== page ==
Tomorrow will be the third in a series of 12 Republican presidential debates. This one will be hosted by CNBC and take place at the University of Colorado Boulder in the 11,000-seat Coors Event Center.
But according to ultra-liberal Think Progress, there’s “drama” associated with the location.
“Since September, there’s been a twinge of animosity among some students who claim they were misled about what housing a presidential debate on campus would be like. They thought they would be getting a unique education in American politics, but instead, some say they’re only getting a lesson in marketing.
“The college framed [this debate] as a real chance for the students to have this meaningful political experience,” said CU-Boulder student Aaron Estevez-Miller, 21, in an interview with ThinkProgress. “In the months since then, the university and chancellor have really failed to deliver on this promise.”
Why are the students so bent out of shape? Because they can’t get tickets to watch. Waah waah waah.
As you can imagine, presidential debates are a big production, requiring all sorts of camera, sound and lighting equipment, fancy drapes and giant Facebook logos. It’s a big deal.
Even ThinkProgress is forced to admit “most of the space in the arena will be taken up by cameras and the CNBC broadcast team. This is commonplace — At the first Republican debate in Cleveland, only 4,500 attended, though the Quicken Loans Arena seats more than 20,500.
But to Estevez-Miller and his group, Student Voices Count, school officials are using the debate as a marketing opportunity.
“They’re sacrificing young people’s political experiences to the arbitrarily defined benefit of media value and exposure,” he said. “People here are voting in their first presidential election — it’s important that they have a meaningful experience with American democracy, and [the college] is not leaving that impression on young people.”
Why? Because they can’t get seats? I’ll let you in on a little secret, young Mr. Estevez-Miller. It’s virtually impossible to EVER get seats at a debate, no matter where it’s held, whether you’re a dyed in the wool conservative or a whiney liberal progressive.
Here’s the ticketing information for tomorrow as well as the next three Republican debates. Notice anything OBVIOUS?
October 28, 2015 – CNBC Republican Debate
Statement from the Colorado Republican Party on debate ticket raffle:
“Tickets will be given away by drawing. You may enter for free here: Debate Ticket Raffle”
Statement from the University of Colorado Boulder concerning the availability of student debate tickets:
“No Public Tickets Are Available – While limited, the majority of CU’s tickets will be distributed to faculty and students whose areas of study have a direct educational tie to the American election process, politics, its media coverage and the economy – which is the topic of the debate. The provost will consult with the deans and offer eight faculty members the opportunity to attend and invite four students to attend with each of the faculty members. Some tickets will also be provided directly to the CU Student Government to distribute as they deem appropriate to students. “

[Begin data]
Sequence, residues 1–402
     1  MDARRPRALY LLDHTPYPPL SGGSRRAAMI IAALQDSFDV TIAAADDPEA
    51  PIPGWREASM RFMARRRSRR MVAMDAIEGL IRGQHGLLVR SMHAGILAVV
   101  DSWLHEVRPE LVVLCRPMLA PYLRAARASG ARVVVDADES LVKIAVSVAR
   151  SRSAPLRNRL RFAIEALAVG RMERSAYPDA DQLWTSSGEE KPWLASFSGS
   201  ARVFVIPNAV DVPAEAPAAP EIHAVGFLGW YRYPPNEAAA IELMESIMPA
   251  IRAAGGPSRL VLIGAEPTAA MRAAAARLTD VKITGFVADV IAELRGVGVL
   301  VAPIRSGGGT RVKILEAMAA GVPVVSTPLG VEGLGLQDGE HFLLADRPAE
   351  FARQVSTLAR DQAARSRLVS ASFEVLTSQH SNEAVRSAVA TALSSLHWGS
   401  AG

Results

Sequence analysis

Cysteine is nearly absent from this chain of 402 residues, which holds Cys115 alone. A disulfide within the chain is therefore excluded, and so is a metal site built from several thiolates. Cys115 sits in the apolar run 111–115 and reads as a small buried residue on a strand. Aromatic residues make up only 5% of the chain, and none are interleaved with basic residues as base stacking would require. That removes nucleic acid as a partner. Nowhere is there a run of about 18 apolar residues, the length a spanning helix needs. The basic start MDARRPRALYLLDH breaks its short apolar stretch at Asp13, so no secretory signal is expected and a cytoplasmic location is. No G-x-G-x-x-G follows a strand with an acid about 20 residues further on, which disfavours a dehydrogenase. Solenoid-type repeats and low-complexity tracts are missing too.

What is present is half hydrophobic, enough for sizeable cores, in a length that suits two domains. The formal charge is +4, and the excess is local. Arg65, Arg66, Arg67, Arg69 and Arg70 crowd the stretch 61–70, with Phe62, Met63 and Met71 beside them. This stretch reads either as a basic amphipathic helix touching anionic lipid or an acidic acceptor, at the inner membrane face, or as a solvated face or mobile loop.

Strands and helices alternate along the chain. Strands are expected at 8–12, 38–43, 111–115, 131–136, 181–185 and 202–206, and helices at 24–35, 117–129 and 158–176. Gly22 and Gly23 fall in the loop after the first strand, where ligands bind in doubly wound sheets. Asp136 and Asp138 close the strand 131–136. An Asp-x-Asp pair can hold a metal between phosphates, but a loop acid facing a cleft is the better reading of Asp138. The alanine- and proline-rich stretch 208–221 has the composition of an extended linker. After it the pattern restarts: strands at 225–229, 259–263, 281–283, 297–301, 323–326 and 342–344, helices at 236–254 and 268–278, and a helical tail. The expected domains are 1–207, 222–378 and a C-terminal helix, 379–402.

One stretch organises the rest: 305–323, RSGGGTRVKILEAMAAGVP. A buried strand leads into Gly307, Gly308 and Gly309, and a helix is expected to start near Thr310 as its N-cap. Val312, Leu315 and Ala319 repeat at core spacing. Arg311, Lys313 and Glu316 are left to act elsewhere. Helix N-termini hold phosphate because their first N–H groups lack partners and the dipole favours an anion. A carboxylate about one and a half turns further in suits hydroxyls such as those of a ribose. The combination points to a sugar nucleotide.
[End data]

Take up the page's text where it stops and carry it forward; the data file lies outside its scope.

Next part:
November 10, 2015 – Fox Business Republican Debate
Information from the Milwaukee Theatre regarding debate tickets:
“The debate will focus on jobs, taxes, and the general health of the economy, as well as domestic and international policy issues. FBN moderators, entry criteria and additional debate information will be released closer to the date. Time: TBA Tickets: TBA”
November 14, 2015 – CBS News Democratic Debate in Des Moines, Iowa
Statement on tickets from Drake University:
“Note: As of Oct. 16, 2015, ticket information is not yet available for this event. Check back for updates.”
Saturday, February 13, 2016 – CBS News Republican Debate
The South Carolina Republican Party has setup a ticketing page available here with this information:
“Greenville, South Carolina is excited to host a Republican Presidential Debate on Saturday, February 13, 2016. Please note: making a ticket request does not guarantee a ticket or admission to the debate. Tickets are very limited and requests will potentially be fulfilled by random drawing, given the massive interest in the debate. We will contact you at the appropriate time if your name is chosen (not before January 2016).”
You probably have more chance of seeing Hillary Clinton out shopping for pantsuits than you do of getting tickets to the debates.
You want to have “a meaningful experience with American democracy?” Watch the debate on your “streaming device” and then go buy a copy of Mark Levin’s Plunder and Deceit.
[Note: This article was written in her big girl pants by Michele Hickford]